Australian Open membership also offers the benefit of being able to apply for Wimbledon tickets in an AO Member ballot.
2. British Tennis Member ballot
Run by the LTA, British Tennis Membership provides a number of benefits including entry into the British Tennis Member ballot. See the link above for details about joining.
3. Waiting in The Queue
You can queue for tickets for each day of the tournament. For ground passes it is recommended to get there several hours before the grounds open at 10.30am. For Centre Court, No.1 and No.2 Court tickets people camp overnight in Wimbledon Park. The queues for the middle Saturday (second day of round three) and the second Monday (round four) are the busiest so you’ll probably want to get there even earlier.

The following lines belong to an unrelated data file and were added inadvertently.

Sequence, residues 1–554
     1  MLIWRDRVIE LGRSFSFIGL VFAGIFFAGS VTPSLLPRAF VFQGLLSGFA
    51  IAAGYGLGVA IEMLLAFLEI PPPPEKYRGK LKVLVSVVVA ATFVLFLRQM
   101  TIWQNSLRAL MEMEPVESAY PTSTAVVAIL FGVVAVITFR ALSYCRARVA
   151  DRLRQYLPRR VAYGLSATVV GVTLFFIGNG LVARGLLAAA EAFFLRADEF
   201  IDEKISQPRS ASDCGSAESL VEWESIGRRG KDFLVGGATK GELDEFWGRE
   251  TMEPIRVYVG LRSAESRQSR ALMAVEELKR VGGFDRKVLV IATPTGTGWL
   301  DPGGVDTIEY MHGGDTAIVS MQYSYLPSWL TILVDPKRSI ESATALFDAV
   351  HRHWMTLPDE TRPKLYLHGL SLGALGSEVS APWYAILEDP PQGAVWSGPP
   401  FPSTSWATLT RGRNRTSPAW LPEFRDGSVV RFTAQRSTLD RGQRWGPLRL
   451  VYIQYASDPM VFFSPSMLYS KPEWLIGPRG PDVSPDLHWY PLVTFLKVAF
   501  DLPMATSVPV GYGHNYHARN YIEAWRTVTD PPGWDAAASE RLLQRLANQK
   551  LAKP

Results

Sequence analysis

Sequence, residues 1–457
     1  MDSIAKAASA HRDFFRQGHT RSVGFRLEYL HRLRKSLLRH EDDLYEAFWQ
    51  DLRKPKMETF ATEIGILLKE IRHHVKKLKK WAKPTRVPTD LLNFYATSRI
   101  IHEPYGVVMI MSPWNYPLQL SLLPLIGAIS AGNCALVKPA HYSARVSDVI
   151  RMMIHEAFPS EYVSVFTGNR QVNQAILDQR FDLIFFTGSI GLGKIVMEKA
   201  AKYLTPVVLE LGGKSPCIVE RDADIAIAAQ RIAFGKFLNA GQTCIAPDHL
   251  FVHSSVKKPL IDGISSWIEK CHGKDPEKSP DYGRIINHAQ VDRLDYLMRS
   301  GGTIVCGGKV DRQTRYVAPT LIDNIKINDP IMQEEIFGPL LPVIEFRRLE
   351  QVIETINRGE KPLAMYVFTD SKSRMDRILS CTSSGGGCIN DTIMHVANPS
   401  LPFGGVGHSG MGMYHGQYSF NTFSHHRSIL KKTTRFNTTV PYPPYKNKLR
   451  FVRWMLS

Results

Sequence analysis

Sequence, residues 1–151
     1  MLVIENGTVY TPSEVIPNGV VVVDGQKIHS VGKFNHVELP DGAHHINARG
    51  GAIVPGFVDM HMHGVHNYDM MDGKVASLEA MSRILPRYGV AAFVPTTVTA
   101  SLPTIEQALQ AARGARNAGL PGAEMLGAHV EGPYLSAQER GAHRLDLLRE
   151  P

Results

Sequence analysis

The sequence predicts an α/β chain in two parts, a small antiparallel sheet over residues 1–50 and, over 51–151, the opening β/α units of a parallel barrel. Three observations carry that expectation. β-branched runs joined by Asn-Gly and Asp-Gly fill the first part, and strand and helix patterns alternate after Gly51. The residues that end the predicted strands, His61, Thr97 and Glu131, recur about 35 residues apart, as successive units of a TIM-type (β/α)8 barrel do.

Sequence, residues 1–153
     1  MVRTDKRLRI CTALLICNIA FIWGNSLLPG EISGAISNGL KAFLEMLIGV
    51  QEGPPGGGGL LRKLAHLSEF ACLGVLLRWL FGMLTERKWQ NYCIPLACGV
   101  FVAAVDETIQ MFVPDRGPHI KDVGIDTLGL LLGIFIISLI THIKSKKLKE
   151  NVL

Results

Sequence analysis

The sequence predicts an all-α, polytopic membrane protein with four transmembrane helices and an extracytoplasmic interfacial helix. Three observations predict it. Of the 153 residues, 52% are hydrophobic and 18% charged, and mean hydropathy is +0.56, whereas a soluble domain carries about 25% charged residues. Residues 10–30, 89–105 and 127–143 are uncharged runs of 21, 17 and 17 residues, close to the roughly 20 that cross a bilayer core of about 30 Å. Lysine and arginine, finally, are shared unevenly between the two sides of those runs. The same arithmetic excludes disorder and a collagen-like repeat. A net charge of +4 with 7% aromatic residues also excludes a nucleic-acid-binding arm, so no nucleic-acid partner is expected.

If you’re on Twitter, check with your friends in the queue for ticket availability updates, and also with the Wimbledon Twitter account.
Read more about the queue in a A Newbies Guide to the Wimbledon Queue and from the Wimbledon website. And to get insights into what it’s like to spend time in the queue, read Diary of a Wimbledon Queuer.
Tickets available to those who queue
- Centre Court – Approximately 500 tickets on sale each day except for the last four days of the Championships.
- No.1 Court – Approximately 500 tickets are available each day.
- No.2 Court – Approximately 500 tickets are available each day for as long as a full day’s program of matches can be maintained.
- Several thousand ground passes are available each day.